Style and Tools
Letter writing, like poetry, is an art. In fact, etiquette expert Emily Post even suggested that, “the letter you write…is always a mirror which reflects your appearance, taste, and character.”
Now content is more important than form, but if you want to truly delve into tradition and use the correct format, keep reading. For a personal letter there are five basic parts:
With any art form there are the basics and then there is the personal touch. Business letters have a very strict form that includes addresses and a formal greeting. In a personal letter the address is not essential, but a date is always helpful. Just imagine how delightful it is to read old letters from your great-great-great grandmother.
Most letters will begin with “Dear first name”. We are just less formal nowadays and if you are taking the time to write a letter, you are going to write to someone you know on a first name basis. But if, by some chance, you are writing to someone you don’t know as well or want to channel your inner Jane Austen, begin your letter “Dear + (Mr. Mrs. or Miss) + Last Name.”
This is where you write. Remember, you are not a journalist, but writing a personal letter so put a little bit of yourself in the message. If you are writing a thank you note, be sure to be specific in referencing the kindness of your addressee’s gesture. Why are you thankful? A thank you note is most successful when it’s warm and heartfelt. Your note should convey genuine appreciation, and details always help express that sentiment. So if you are writing to thank someone for a gift, you might make mention of how you expect it to be incredibly useful, or how you’ll think of the gift-giver each time you make paella, or drink Bordeaux, etc… To thank the hosts of a dinner party, you can emphasize how much you enjoyed a particular dish, or recall how interesting you found the dinner conversation. Be personal.
“You deserve a longer letter than this; but it is my unhappy fate seldom to treat people so well as they deserve.” ― Jane Austen
The best kinds of letters are the, “I just was thinking of you and so I wrote for no reason at all letters” and of course, love letters. These letters are in a whole different category—they are the ones you keep for years and read over and over.
The closing is always the part I dread. I think it is the most difficult part.
Sincerely? I could, but that is so overdone.
Love? Yes, when appropriate, but I don’t tell everyone I love them.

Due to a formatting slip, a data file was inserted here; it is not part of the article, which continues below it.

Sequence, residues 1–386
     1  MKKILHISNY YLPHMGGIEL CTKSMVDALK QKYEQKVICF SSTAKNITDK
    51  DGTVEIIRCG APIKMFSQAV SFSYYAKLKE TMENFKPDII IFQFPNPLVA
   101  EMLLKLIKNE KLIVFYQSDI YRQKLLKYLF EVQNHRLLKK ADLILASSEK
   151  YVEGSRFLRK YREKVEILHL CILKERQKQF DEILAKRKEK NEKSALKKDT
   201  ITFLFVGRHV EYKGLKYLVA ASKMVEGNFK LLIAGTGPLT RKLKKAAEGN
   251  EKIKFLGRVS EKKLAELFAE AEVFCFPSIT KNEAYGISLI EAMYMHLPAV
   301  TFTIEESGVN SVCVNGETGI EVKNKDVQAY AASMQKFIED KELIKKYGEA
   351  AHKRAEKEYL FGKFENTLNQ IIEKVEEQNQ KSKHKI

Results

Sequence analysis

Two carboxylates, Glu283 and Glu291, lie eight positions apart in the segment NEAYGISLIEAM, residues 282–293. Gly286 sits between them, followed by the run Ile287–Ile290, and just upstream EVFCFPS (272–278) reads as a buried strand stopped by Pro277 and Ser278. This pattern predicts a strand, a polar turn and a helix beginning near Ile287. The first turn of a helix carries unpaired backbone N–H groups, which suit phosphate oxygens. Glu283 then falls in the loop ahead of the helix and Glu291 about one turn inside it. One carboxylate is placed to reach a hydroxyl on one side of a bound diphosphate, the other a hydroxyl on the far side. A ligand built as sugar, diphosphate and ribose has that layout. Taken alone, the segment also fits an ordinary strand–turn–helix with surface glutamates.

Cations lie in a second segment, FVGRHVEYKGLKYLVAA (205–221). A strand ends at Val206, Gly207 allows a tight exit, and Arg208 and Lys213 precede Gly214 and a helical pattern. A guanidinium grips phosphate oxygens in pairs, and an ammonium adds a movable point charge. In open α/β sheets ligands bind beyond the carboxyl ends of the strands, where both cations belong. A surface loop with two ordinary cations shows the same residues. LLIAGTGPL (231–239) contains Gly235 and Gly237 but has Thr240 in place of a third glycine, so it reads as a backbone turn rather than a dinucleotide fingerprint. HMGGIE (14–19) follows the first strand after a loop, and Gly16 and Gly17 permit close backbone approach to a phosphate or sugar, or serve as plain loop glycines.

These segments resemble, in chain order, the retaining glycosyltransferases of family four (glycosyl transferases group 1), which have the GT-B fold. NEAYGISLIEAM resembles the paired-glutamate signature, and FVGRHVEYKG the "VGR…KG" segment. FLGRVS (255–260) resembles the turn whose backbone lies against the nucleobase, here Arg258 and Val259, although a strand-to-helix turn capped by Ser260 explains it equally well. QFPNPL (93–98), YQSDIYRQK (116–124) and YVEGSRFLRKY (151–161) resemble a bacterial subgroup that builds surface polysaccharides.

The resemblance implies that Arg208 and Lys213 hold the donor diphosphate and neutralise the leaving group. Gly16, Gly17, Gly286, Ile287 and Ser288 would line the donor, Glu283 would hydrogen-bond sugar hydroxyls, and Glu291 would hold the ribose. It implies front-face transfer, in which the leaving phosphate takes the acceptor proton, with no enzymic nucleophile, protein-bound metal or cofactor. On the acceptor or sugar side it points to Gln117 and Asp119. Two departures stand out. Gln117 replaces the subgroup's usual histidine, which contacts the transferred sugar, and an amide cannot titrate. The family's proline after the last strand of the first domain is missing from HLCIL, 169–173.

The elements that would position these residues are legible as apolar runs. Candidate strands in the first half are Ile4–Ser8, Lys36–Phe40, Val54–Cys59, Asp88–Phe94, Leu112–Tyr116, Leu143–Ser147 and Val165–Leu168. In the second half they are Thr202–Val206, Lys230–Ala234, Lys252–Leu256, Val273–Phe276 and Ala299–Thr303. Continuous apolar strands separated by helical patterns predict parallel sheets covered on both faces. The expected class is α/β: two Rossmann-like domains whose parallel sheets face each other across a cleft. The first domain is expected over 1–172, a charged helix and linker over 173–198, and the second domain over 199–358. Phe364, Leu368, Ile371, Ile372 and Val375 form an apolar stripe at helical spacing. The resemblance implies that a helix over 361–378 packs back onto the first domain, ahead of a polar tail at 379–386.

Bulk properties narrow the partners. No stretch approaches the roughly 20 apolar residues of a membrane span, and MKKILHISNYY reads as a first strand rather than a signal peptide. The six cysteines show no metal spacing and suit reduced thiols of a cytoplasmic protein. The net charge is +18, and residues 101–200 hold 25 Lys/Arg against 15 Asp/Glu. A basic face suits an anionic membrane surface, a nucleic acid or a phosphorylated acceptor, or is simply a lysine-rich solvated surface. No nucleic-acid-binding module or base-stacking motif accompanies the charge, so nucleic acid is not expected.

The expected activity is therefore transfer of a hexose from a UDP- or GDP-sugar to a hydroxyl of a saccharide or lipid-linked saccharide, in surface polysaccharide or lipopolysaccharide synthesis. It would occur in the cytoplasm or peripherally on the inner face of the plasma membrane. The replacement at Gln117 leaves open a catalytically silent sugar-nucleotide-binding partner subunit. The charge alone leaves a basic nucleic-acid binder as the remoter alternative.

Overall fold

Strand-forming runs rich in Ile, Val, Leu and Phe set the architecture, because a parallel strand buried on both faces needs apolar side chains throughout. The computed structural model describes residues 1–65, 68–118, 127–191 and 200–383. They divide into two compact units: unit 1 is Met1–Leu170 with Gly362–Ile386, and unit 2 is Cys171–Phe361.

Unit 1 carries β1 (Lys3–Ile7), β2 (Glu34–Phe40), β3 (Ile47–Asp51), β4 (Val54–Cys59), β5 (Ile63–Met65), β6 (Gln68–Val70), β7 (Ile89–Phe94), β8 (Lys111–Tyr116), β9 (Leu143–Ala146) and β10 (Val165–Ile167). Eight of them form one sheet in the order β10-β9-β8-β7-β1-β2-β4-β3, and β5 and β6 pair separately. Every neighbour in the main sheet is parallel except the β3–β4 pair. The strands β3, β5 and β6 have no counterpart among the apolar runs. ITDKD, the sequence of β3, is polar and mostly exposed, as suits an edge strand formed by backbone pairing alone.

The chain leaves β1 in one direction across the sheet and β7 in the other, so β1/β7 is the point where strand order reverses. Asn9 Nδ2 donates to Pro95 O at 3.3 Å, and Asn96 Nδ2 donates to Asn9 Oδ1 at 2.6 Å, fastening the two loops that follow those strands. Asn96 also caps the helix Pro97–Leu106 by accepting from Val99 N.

You can get creative with “very sincerely,” “warmest regards,” “cordially,” “affectionately,” “gratefully,” or something similarly inspired.
“More than kisses, letters mingle souls.” ― John Donne
Sign the letter. If you began with a formal beginning, end with your full name. If it is your friend, sign with your first name or nickname.
When to Send
You should aim to mail your thank you note as soon as possible, preferably within a week’s time. If you’re sending out a large number of cards, such as after a wedding, up to three months is considered acceptable. But, should you delay, better late than never is the rule, here.
Of course, knowing when you should send a thank you note is requisite. Plan to do so any time a present is received, even if it has been opened in front of the gift-giver; after attending a dinner party; when you’ve received a handwritten sympathy letter for the passing of a loved one; to guests of your wedding, bridal, or baby shower; when you’ve been hosted for an overnight stay; and, of course, as a follow-up to a job interview. It’s also great practice to send a handwritten thank you whenever friend has done you a special favor.
A plain white piece of paper, pen, and envelope will do, but where is the fun in that?
Tools always help set the mood so if you feel like trying your hand at a writing with a feather and ink; Go for it! I have to tell you that it is a bit messy. I love finding just the perfect fine tipped pen.
Below, we’ve provided a few of our favorite stationery and writing items, so that your thank you notes will be as chic and stylish as you are:
What are some of your favorite tools? Tell me!
Till Part Three,